Extended Data Figure 8 Volume of rise water and water-retention time for the four types of wedge corner.
a, Volume of rise water in the four types of wedge—fixed wedge, gradient wedge, opposite gradient wedge, and top-closed wedge. The volume of rise water for the top-closed wedge is the largest, and is about 40% greater than that for the fixed wedge. b, Water-retention time in the four types of wedge. Water-retention time for the top-closed wedge is the longest, and is about twice that for the fixed wedge. Error bars indicate standard deviations from at least five independent measurements.
a, Liquid rise in the gradient wedge corner. b, Section view of the liquid rise in panel a. α1, bottom opening angle of a wedge; α2, top opening angle; g, gravitational constant; β1 and β2, angle between the plate and the horizontal plane (β1 = β2); h, height of the intersecting plates; wup, up width of selected small liquid element; wdown, down width; dz, thickness of the small liquid element.
A small amount of water (approximately 0.1 μL) was deposited on the inner surface of the peristome. Water was transported along the channel in the direction from the inner side to the outer side of the peristome. The starting boundary line of the deposited water was fixed indicating a water pinning phenomenon in the direction from the outer side to the inner side. (MP4 13267 kb)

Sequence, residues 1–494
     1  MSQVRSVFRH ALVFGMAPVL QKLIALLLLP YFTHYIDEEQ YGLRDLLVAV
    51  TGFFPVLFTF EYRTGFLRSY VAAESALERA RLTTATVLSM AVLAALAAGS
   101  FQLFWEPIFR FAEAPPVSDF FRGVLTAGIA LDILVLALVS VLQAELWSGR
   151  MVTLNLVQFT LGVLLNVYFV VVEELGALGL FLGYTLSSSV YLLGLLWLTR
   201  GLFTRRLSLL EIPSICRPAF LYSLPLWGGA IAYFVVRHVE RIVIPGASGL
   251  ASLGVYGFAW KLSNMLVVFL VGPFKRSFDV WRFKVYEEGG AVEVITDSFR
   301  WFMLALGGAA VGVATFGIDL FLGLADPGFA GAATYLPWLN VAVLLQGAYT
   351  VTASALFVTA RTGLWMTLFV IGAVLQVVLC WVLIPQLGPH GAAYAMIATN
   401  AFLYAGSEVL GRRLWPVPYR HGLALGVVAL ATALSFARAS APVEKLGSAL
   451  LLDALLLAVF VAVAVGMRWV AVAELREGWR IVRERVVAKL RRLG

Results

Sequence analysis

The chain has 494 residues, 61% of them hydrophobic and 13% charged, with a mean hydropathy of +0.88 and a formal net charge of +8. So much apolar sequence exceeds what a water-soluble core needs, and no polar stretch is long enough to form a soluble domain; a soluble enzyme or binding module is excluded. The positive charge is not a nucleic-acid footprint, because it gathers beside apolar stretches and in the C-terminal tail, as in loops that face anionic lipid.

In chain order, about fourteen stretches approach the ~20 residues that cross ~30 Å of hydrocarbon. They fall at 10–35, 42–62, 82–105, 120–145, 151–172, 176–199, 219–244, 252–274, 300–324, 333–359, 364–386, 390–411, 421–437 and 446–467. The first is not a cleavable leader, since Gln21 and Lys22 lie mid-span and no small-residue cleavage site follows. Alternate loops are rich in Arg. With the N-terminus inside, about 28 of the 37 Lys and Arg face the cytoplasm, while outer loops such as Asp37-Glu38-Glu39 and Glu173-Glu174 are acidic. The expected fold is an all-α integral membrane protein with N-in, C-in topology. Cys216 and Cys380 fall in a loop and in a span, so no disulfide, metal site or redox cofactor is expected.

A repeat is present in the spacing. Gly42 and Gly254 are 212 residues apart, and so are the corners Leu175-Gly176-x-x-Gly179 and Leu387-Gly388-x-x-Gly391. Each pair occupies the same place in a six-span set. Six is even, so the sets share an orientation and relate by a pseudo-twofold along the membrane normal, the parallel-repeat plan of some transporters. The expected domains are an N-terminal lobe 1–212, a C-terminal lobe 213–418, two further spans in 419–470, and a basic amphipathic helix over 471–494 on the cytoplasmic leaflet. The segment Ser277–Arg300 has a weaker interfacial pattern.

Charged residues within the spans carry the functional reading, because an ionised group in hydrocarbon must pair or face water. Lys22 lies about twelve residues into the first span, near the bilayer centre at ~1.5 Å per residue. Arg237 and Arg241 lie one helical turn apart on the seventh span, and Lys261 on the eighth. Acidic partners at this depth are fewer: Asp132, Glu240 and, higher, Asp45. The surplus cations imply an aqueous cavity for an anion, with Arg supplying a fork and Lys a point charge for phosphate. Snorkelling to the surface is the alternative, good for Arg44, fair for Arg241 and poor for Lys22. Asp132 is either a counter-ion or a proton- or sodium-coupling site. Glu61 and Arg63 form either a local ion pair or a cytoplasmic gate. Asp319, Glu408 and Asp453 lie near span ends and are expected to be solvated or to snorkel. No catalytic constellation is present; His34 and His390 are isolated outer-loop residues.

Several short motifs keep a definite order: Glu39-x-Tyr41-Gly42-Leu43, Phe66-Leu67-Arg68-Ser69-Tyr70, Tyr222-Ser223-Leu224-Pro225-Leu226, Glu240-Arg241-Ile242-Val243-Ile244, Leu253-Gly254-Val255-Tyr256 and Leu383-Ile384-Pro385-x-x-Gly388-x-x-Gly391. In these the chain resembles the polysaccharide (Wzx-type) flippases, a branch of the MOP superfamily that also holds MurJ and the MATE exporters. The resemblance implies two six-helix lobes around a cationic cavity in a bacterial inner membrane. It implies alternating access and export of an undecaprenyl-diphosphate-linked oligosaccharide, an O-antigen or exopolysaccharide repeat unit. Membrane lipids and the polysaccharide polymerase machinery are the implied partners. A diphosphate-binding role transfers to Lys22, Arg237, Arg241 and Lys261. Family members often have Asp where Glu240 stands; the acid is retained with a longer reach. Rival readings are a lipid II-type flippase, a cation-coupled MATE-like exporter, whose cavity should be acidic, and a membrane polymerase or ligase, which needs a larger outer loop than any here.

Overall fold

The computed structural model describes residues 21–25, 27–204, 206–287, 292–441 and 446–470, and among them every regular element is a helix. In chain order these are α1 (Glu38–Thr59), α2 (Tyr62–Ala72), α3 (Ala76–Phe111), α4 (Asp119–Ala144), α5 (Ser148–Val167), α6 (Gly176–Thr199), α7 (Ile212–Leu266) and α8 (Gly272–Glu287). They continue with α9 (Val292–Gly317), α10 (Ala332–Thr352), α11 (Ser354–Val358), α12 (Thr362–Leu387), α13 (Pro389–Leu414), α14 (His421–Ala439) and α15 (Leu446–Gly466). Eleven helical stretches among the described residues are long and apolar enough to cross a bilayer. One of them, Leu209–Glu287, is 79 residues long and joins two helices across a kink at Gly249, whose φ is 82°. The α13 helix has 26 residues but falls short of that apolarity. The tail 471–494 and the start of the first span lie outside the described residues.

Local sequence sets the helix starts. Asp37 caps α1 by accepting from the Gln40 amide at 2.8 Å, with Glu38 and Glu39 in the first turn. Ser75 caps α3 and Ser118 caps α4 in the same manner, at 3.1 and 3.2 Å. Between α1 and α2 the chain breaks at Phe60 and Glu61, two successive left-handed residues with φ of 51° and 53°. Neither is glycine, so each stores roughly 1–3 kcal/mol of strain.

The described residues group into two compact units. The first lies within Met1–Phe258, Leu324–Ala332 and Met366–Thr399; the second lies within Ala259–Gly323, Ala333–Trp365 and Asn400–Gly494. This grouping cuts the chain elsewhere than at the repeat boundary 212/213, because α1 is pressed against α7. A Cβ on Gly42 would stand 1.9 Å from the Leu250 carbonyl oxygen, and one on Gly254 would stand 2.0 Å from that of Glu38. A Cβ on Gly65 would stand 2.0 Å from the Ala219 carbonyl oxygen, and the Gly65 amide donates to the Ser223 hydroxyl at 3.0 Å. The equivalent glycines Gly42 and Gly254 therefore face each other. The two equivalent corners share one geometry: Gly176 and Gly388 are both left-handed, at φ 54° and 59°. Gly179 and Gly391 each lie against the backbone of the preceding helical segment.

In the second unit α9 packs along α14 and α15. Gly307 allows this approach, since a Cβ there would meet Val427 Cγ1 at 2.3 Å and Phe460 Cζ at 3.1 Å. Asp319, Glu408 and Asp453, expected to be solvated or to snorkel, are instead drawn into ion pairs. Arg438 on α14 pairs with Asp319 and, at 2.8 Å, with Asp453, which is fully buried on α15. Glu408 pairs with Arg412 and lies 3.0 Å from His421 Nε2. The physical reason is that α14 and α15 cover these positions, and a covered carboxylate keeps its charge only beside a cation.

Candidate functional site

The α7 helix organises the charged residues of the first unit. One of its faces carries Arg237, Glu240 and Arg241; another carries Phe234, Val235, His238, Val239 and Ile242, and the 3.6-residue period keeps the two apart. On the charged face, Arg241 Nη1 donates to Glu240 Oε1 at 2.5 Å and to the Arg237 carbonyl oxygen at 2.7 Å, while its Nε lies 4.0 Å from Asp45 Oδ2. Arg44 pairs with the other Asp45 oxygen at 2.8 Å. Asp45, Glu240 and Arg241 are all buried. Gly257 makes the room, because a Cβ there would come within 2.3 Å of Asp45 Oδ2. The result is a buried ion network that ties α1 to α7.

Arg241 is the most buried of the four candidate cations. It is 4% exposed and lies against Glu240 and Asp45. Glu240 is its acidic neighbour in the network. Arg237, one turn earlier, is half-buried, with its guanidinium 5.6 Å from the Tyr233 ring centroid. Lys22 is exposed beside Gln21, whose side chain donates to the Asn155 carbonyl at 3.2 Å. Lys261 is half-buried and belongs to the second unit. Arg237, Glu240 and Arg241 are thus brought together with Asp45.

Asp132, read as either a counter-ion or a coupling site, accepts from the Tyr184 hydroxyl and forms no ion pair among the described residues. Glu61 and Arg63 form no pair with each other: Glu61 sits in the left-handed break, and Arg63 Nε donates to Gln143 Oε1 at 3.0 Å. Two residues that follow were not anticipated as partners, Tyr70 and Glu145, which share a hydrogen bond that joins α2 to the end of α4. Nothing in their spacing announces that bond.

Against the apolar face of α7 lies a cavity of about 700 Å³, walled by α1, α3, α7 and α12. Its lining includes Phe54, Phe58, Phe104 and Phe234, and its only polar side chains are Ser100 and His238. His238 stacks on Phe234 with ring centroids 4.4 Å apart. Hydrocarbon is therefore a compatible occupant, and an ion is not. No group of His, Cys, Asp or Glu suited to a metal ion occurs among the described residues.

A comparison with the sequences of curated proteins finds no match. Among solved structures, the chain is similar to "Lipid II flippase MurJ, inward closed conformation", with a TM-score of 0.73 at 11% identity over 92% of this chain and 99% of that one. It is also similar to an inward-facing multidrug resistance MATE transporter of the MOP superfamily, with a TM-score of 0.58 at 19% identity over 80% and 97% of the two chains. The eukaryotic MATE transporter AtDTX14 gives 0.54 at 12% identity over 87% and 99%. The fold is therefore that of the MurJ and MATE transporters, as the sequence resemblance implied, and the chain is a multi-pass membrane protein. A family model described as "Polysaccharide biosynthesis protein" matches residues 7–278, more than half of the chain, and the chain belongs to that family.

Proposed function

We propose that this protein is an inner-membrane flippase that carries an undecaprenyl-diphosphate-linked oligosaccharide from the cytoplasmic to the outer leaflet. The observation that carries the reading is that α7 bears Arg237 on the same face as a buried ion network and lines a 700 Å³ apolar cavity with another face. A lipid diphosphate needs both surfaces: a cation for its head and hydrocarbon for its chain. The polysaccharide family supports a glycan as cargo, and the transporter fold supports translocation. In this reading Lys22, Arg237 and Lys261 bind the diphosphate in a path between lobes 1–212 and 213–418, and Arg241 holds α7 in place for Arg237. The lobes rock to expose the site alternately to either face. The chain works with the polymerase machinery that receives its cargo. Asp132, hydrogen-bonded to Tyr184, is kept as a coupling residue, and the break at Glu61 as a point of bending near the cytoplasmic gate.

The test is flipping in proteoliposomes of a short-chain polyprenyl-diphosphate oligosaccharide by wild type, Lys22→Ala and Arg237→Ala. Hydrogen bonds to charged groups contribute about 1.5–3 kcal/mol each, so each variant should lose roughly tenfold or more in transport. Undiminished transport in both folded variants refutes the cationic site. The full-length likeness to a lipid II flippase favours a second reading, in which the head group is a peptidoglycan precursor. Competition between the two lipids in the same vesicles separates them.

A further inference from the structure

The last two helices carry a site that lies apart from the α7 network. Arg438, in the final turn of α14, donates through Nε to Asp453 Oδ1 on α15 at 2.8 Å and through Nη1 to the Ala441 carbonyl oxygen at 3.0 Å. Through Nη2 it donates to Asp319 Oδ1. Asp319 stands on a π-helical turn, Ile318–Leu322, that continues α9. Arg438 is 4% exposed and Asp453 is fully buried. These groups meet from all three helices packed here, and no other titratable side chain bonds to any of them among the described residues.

Approximately 0.2 μL water was deposited on the peristome surface and water was transported along two neighbouring large channels. Water transport was confined within the separate large channels. (MP4 5010 kb)
Approximately 0.01 μL water was deposited on the peristome surface and the water top boundary was monitored by the high-speed camera. Water initially spread along the wedge corner of the micro-cavity and then extruded air out to fully fill the micro-cavity. Water filling of the next micro-cavity started before the fully filling of the prior micro-cavity and the continuous filling of a single micro-cavity accomplished the water transport from the inner side to the outer side of the peristome. (MP4 2722 kb)
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Chen, H., Zhang, P., Zhang, L. et al. Continuous directional water transport on the peristome surface of Nepenthes alata. Nature 532, 85–89 (2016). https://doi.org/10.1038/nature17189